Reuters – At least three people were killed in anti-Taliban protests in the Afghan city of Jalalabad on Wednesday, witnesses said, as the militant group moved to create a government and Western countries ramped up evacuations from a chaotic Kabul airport.
The deaths mar the Taliban’s efforts to consolidate Islamist rule and their promises of peace following their sweep into the capital. They have said they will not take revenge against old enemies and will respect the rights of women within the framework of Islamic law.
The witnesses said the deaths in Jalalabad took place when local residents tried to install Afghanistan’s national flag at a square in the city, some 150 km (90 miles) from the capital on the main road to Pakistan.
There were also more than a dozen people injured after Taliban militants opened fire on protesters in the eastern city, two witnesses and a former police official told Reuters.
Taliban spokesmen were not immediately reachable for comment.
Thousands of Afghans, many of whom helped U.S.-led foreign forces over two decades, are desperate to leave the country and people are flooding to Kabul airport.
Taliban commanders and soldiers fired into the air on Wednesday to disperse the crowds outside the airport, a Taliban official said. “We have no intention to injure anyone,” he told Reuters.
Afghanistan’s President Ashraf Ghani is in the United Arab Emirates, the Gulf state’s foreign ministry said on Wednesday, after he left the country as Taliban fighters seized control.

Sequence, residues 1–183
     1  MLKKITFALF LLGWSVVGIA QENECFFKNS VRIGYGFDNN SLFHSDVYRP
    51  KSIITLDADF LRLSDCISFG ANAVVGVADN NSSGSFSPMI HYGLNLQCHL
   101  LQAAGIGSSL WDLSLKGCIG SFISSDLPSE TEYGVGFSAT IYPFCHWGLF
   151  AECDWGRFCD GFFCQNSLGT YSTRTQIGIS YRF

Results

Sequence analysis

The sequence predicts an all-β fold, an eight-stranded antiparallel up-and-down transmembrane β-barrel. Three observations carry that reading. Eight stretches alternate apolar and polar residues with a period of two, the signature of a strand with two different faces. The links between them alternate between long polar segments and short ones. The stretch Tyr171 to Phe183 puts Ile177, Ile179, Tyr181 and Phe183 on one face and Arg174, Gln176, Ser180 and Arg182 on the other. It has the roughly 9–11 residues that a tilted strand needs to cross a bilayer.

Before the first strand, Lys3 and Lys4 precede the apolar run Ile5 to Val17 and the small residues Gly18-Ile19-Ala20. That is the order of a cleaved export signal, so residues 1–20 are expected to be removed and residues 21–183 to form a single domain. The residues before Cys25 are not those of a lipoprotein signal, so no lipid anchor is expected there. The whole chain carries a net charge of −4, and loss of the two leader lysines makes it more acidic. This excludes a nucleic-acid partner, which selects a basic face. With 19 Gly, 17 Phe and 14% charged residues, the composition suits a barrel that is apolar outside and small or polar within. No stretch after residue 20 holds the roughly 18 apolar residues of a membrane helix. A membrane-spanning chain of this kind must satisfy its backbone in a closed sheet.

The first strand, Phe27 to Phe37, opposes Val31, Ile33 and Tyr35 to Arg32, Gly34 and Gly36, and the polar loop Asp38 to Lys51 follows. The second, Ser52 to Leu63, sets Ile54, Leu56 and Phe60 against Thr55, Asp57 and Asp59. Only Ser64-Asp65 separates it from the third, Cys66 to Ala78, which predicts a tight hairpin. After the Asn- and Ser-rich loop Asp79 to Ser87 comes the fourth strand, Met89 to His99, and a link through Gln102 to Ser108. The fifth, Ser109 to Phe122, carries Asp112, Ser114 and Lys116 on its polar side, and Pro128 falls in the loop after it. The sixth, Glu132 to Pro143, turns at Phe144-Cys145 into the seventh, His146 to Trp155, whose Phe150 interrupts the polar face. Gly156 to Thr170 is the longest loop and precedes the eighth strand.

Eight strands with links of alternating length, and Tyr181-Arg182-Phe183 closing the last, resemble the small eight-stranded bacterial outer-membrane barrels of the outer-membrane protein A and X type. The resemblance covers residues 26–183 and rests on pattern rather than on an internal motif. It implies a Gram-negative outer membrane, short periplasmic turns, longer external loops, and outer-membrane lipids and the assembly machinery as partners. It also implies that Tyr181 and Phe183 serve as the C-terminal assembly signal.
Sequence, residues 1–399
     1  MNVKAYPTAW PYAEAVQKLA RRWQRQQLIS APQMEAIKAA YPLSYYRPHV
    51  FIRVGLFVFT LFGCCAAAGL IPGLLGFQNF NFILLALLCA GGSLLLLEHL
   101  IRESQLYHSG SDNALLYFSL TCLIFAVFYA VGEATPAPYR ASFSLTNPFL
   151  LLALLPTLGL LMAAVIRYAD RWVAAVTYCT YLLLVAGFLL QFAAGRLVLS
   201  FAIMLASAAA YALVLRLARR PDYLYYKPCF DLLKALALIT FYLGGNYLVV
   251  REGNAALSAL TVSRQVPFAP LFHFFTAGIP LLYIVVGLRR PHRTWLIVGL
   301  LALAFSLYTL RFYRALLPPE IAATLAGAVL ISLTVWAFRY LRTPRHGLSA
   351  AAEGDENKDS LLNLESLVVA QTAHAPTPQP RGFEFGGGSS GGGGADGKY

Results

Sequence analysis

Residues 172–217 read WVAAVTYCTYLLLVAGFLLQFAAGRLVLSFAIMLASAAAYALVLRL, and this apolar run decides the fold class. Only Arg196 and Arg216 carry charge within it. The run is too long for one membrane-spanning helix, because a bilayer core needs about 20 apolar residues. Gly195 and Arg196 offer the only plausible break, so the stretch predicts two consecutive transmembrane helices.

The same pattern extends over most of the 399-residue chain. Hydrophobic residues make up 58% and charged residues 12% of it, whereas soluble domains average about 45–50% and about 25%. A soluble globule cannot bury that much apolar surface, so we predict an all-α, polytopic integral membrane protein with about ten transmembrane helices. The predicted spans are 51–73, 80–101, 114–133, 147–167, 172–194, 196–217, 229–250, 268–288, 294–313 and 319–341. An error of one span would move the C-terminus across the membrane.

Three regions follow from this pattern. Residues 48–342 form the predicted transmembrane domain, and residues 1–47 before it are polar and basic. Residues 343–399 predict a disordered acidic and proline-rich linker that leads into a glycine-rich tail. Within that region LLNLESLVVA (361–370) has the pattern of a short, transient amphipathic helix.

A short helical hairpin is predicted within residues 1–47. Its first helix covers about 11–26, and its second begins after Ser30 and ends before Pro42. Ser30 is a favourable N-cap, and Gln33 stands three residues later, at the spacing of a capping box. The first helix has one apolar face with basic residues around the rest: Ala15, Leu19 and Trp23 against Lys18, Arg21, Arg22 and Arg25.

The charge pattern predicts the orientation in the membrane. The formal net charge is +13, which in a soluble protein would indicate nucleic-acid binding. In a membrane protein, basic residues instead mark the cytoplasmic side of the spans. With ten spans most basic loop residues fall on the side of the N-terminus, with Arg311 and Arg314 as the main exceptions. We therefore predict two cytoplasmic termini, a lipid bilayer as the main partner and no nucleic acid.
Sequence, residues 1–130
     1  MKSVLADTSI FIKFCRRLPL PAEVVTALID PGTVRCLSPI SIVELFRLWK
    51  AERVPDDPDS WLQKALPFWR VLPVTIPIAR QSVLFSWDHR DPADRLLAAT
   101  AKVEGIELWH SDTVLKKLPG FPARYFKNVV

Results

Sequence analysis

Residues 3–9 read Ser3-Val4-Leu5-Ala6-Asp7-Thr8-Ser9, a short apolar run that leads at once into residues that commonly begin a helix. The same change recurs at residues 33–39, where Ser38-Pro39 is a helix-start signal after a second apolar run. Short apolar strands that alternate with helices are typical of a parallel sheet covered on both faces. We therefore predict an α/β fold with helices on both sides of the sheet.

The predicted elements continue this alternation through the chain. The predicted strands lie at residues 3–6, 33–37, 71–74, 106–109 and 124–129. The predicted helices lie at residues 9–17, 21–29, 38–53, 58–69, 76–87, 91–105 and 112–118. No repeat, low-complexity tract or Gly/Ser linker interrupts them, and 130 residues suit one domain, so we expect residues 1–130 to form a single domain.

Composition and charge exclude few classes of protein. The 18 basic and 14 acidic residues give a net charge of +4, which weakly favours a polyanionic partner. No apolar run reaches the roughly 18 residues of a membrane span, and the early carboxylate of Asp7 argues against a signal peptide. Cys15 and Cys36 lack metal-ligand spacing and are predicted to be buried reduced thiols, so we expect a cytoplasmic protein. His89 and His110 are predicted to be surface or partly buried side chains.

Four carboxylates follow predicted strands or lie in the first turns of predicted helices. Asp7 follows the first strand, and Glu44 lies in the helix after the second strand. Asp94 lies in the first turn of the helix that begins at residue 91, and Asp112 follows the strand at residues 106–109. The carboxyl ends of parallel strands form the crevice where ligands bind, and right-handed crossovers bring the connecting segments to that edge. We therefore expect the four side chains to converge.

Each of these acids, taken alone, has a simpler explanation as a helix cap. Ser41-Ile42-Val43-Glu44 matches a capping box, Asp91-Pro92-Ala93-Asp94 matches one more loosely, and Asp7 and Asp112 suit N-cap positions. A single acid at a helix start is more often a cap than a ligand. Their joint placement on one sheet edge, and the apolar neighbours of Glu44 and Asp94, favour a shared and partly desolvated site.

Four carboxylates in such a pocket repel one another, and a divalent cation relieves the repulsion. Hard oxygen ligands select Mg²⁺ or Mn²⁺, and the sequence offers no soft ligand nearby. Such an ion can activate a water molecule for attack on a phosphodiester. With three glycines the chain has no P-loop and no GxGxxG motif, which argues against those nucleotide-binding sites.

About 5,000 diplomats, security staff, aid workers and Afghans have been evacuated from Kabul in the last 24 hours, a Western official told Reuters on Wednesday.
The evacuations by military flights will continue around the clock, he said, adding that clearing the chaos outside the airport was a challenge.
“It’s absolutely hectic and chaos out there.” the official said.
(For a graphic on the airport chaos, click on: https://tmsnrt.rs/3stVpcj)
ACTIONS NOT WORDS
One of the Taliban’s leaders and co-founders, Mullah Abdul Ghani Baradar, returned to Afghanistan for the first time in more than 10 years and a Taliban official said the leaders would show themselves to the world, unlike in the past when they lived in secret.
“Slowly, gradually, the world will see all our leaders,” the senior Taliban official told Reuters.
The Taliban’s first news briefing since their return to Kabul suggested they would impose their laws more softly than during their harsh 1996-2001 rule.
Women would be allowed to work and study and “will be very active in society but within the framework of Islam”, Zabihullah Mujahid, the Taliban’s main spokesman, said.
During their rule, also guided by sharia religious law, women were prevented from working, girls were not allowed to go to school and women had to wear all-enveloping burqas to go out.
Russia’s U.N. Ambassador Vassily Nebenzia told reporters on Wednesday: “We’ll see what they do, whether it will be according to the pronouncements that they made.”
Echoing that comment and those of other Western leaders, British Prime Minister Boris Johnson said the Taliban would be judged on their actions.
“We will judge this regime based on the choices it makes, and by its actions rather than by its words, on its attitude to terrorism, to crime and narcotics, as well as humanitarian access and the rights of girls to receive an education,” he told parliament, recalled from summer recess to debate the crisis.
(Reporting by Kabul newsroom Writing by Robert Birsel and Jane Merriman; Editing by Simon Cameron-Moore, Nick Macfie, Catherine Evans and Gareth Jones)